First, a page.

This series reports on and updates latest information on the involvement of national social partners in policymaking. The series analyses the involvement of national social partners in the implementation of policy reforms within the framework of social dialogue practices, including their involvement in elaborating the National Reform Programmes (NRPs).
This series reports on the new forms of employment emerging across Europe that are driven by societal, economic and technological developments and are different from traditional standard or non-standard employment in a number of ways. This series explores what characterises these new employment forms and what implications they have for working conditions and the labour market.
The European Company Survey (ECS) is carried out every four to five years since its inception in 2004–2005, with the latest edition in 2019. The survey is designed to provide information on workplace practices to develop and evaluate socioeconomic policy in the EU. It covers issues around work organisation, working time arrangements and work–life balance, flexibility, workplace innovation, employee involvement, human resource management, social dialogue, and most recently also skills use, skills strategies and digitalisation.
Given that compliance with lockdown measures is a first line of defence against COVID-19, maintaining trust in institutions is vital to ensure a coordinated, comprehensive and effective response to the pandemic. This report investigates developments in institutional and interpersonal trust across time, with a particular emphasis on the COVID-19 pandemic period and its impact. It examines the link between trust and discontent and investigates the effect of multidimensional inequalities as a driver of distrust.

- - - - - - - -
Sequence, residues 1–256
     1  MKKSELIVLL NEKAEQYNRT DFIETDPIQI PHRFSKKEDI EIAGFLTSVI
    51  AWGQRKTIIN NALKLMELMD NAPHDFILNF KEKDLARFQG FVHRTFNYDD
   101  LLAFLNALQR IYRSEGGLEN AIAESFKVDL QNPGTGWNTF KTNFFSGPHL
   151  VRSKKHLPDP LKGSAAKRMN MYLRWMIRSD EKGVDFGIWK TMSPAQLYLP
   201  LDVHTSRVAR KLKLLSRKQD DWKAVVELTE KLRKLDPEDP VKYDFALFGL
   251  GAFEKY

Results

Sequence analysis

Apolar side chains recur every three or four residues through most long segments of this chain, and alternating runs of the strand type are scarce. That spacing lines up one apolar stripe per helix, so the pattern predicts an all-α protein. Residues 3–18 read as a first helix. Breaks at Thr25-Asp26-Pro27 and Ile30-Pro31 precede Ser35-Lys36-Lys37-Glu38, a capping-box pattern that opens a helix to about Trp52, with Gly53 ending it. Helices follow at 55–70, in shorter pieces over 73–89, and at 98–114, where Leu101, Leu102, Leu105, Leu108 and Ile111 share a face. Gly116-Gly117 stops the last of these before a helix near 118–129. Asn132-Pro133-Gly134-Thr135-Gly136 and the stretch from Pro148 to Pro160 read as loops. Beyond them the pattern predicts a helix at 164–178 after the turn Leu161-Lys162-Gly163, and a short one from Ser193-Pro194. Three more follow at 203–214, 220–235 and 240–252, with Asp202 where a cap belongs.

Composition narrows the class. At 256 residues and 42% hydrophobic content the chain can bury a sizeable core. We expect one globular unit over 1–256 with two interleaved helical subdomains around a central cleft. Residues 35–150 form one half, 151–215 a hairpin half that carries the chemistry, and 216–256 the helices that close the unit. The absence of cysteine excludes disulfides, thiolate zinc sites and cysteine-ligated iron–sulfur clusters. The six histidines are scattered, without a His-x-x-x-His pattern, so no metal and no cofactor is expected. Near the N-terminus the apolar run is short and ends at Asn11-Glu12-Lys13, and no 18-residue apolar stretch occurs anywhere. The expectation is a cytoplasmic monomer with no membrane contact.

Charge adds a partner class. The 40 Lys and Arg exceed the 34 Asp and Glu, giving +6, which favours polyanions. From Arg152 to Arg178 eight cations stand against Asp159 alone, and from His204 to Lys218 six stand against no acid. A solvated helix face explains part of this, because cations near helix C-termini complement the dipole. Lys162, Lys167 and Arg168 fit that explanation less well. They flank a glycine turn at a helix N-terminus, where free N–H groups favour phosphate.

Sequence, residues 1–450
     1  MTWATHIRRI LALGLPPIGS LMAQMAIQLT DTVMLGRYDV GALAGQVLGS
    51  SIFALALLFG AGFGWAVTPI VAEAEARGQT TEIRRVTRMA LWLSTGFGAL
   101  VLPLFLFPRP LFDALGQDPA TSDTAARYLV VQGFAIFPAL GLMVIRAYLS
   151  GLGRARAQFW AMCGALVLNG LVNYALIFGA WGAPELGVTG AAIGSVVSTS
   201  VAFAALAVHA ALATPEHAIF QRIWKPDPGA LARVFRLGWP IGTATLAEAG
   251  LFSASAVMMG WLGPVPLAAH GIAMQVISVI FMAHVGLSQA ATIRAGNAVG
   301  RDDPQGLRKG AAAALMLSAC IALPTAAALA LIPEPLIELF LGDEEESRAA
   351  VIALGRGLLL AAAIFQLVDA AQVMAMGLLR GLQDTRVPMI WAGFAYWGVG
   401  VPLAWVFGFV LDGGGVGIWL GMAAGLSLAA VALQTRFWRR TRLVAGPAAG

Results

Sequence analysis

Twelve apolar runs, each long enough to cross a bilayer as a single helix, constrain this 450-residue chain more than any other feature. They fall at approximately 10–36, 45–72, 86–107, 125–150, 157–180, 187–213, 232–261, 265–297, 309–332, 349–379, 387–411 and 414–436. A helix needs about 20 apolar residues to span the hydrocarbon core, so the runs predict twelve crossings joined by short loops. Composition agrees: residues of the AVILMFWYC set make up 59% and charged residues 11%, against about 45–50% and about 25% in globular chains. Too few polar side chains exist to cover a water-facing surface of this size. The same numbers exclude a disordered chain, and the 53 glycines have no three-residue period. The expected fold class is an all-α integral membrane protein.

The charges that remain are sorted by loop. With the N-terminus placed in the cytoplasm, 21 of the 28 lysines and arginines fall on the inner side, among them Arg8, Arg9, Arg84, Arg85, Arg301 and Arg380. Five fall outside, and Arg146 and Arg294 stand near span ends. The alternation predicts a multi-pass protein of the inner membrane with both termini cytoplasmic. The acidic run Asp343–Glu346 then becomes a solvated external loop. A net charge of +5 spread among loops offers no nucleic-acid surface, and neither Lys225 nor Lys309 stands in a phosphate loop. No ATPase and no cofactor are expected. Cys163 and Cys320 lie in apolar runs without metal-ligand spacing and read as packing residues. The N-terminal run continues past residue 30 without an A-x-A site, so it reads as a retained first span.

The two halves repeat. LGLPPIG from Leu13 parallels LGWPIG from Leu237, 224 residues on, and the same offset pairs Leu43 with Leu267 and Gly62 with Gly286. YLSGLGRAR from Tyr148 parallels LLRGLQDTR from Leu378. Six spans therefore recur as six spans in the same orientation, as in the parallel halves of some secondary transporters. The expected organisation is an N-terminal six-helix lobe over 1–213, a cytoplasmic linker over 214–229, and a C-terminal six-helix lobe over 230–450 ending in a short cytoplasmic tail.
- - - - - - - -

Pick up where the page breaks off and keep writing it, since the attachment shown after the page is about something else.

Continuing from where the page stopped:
This report analyses how working conditions, job quality and working life outcomes – such as work–life balance, health and well-being, and sustainability of work – changed between February 2020 and spring 2021. Following up on responses to the European Working Conditions Survey (EWCS) 2020, it explores the differences between three distinct groups of workers: those teleworking during the COVID-19 pandemic, those who continued to work on their employers' premises as frontline staff, and those who were furloughed or worked reduced hours.
This study provides information allowing for an assessment of the representativeness of the actors involved in the European sectoral social dialogue committee for the gas sector. Their relative representativeness legitimises their right to be consulted, their role and effective participation in the European sectoral social dialogue and their capacity to negotiate agreements. The aim of this Eurofound’s study on representativeness is to identify the relevant national and European social partner organisations in the gas sector in the EU Member States.
This study provides information allowing for an assessment of the representativeness of the actors involved in the European sectoral social dialogue committee for the food and drinks sector. Their relative representativeness legitimises their right to be consulted, their role and effective participation in the European sectoral social dialogue and their capacity to negotiate agreements. The aim of this Eurofound study on representativeness is to identify the relevant national and European social partner organisations in the food and drinks sector in the EU Member States.